‘Companies overlook niche markets. That is something we are starting to change.’
Martin Price’s introduction to the music business arrived in the Carribean, via New York City.
He was running restaurants in New York and was hired to open a bar on the Caribbean island of Roatán, situated around 40 miles from Honduras, with a population size of around 100,000.
“While there, I discovered Caribbean music, primarily Jamaican reggae and dancehall,” he tells us.
After living and working on the island for some time, he learned that Roatán had never hosted a concert by an international superstar artist.
“I thought it would be a good idea to host one,” he continues and explains that he set out to change that, eventually booking Shaggy to perform live on the island.
“It was an amazing show, and it’s been all about music ever since.”
Price went on to co-found Caribbean Entertainment and IAM Management, focusing his efforts on artist management and booking, and establishing himself as a Caribbean music industry expert in the process.
He was then hired to head up operations and A&R at ONErpm’s Kingston, Jamaica, office in 2018.
Now, as Head of Global Expansion at ONErpm, Price is charged with the independent artist and label service company’s efforts to grow its global footprint.
Nashville-headquartered ONErpm, founded 13 years ago by CEO Emmanuel Zunz, originally focused on Brazil as its initial target market.
ONErpm then expanded into Turkey and in 2020 opened an office in Lagos, Nigeria, under Price’s direction. In 2021, Osagie Osarenz was promoted to Director of African Operations at the company.
As part of ONErpm’s expansion effort, the company also recently opened six new offices in Asia, boosting the number of its offices globally to 43 in 28 territories, with a team exceeding 600 staff.
Price has opened, or been involved in opening 18 of those 43 offices in the last three years alone.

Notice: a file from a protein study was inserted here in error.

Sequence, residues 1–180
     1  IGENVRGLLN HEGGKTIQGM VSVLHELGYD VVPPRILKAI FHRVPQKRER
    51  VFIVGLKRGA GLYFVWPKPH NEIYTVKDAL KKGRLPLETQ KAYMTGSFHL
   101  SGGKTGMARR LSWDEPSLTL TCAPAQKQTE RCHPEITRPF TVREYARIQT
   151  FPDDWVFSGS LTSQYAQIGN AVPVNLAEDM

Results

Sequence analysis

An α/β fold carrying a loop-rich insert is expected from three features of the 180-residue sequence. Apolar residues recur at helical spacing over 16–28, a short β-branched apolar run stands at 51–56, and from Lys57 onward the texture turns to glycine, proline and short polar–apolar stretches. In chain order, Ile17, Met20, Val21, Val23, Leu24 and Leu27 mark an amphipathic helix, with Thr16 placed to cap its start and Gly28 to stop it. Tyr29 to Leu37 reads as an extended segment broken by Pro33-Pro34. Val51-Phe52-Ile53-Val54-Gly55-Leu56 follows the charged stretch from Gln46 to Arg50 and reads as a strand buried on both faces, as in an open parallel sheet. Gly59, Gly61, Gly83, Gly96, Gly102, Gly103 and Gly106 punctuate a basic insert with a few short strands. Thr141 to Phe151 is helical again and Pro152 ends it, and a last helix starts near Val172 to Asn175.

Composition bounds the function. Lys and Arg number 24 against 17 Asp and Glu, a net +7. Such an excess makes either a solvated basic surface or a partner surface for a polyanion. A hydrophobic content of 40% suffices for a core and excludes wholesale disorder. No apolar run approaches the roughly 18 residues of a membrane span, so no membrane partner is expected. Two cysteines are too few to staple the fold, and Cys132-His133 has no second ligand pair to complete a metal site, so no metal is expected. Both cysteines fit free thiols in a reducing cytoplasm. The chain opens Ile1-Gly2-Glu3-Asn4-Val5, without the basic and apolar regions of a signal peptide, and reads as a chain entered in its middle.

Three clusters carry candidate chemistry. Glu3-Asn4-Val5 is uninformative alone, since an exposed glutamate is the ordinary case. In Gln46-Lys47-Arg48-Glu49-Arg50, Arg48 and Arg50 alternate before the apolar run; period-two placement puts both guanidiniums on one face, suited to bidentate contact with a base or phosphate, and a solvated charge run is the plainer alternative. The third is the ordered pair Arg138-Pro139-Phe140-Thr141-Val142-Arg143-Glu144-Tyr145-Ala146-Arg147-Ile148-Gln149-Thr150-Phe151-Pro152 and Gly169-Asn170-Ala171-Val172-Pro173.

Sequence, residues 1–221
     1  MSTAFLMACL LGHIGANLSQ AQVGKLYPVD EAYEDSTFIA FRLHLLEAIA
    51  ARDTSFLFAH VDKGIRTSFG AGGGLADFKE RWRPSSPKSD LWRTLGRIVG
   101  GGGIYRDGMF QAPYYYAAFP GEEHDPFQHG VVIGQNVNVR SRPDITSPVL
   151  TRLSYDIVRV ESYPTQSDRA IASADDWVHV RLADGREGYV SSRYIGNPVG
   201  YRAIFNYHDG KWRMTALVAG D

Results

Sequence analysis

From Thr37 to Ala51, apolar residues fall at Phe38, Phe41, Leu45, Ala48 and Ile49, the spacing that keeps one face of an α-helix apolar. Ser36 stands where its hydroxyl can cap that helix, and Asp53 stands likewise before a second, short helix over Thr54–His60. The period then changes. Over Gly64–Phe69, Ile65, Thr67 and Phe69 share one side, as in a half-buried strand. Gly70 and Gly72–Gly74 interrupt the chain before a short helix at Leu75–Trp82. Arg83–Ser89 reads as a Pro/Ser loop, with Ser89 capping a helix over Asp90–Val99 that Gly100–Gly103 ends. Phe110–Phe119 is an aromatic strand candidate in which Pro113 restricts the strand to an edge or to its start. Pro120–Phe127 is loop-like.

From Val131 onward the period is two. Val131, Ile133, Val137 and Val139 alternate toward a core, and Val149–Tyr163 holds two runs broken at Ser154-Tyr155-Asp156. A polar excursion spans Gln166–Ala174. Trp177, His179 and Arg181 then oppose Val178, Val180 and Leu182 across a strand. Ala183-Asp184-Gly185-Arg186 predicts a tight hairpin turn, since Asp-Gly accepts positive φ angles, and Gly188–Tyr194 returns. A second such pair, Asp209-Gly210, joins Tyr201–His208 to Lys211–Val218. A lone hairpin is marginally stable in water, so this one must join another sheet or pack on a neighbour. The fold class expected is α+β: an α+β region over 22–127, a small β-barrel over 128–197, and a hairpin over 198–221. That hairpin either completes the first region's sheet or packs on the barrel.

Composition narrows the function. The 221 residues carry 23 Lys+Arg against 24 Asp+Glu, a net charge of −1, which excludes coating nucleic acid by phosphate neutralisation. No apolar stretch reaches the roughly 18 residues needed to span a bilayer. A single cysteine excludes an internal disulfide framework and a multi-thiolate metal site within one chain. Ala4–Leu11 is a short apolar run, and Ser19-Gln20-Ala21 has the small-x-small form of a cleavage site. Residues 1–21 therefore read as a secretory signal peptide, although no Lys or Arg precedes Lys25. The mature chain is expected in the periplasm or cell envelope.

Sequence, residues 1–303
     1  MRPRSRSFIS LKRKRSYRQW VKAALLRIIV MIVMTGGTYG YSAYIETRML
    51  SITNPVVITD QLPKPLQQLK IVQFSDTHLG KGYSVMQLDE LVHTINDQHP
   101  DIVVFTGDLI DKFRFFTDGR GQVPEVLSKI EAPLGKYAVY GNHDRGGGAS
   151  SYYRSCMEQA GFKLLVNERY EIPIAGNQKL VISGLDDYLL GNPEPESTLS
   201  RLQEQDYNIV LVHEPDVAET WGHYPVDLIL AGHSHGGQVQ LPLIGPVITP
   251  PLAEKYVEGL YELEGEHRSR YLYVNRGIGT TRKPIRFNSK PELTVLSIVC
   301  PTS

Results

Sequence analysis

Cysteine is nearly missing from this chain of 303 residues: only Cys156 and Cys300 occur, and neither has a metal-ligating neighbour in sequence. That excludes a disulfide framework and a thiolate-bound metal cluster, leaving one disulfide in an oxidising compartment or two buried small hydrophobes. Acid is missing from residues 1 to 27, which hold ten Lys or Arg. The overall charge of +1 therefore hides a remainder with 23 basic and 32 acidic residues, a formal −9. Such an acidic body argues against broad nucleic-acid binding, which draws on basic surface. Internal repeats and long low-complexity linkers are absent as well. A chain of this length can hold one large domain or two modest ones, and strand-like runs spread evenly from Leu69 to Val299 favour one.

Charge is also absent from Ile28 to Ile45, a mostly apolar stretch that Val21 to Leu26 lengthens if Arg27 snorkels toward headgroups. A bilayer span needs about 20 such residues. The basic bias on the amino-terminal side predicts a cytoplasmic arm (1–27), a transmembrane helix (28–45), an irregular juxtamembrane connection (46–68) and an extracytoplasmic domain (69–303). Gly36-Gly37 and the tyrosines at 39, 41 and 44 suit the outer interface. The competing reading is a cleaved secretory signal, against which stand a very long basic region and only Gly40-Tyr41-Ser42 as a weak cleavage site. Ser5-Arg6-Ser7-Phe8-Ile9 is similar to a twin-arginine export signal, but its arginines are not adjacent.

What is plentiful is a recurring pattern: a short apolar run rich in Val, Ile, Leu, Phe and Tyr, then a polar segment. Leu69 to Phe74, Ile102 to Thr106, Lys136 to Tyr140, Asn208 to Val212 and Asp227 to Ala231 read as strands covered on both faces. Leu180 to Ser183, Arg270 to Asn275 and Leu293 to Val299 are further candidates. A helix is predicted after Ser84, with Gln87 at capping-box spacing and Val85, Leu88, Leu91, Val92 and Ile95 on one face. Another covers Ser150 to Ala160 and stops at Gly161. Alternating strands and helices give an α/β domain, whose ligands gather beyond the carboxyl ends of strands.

“What the company has managed to achieve, and the rate of expansion, is really quite impressive,” he says.
Here, Martin Price tells us more about ONerpm’s expansion strategy, and gives us his predictions for the global independent artist sector…
You co-founded Caribbean Entertainment and IAM Management – what advice would you give to an aspiring executive launching an entertainment company today?
Do your research, make sure you understand 100% what you are getting into, and be ready for the grind. At least in my experience, it’s never a smooth or easy process, and the early stages are typically tough, and certainly not glamourous.
You joined ONErpm in 2018 – what have been some of the biggest highlights for you over the past five years?
Honestly speaking, the entire ride has been a highlight for me. It was the “click” of finding what you were meant to do. That being said, I will say visiting each of the countries we now have offices in, for the first time, was a special thing for me.
Being there before anything had begun, [with a] blank slate, professionally speaking, and just admiring each country’s culture and getting to know the people was very meaningful.
Could you outline ONErpm’s global expansion strategy?
This is tough to answer, as we have never had a specific strategy. I think being too rigid, and saying “we will do this” and “we will do that” locks you in, and you miss out on opportunities.
I can say we do tend to lean towards emerging markets, and undervalued markets, as that is where we feel our services and tech, and our teams and the work they do, are most valued. We spend a lot of time teaching and educating where even the most basic knowledge is new and valuable.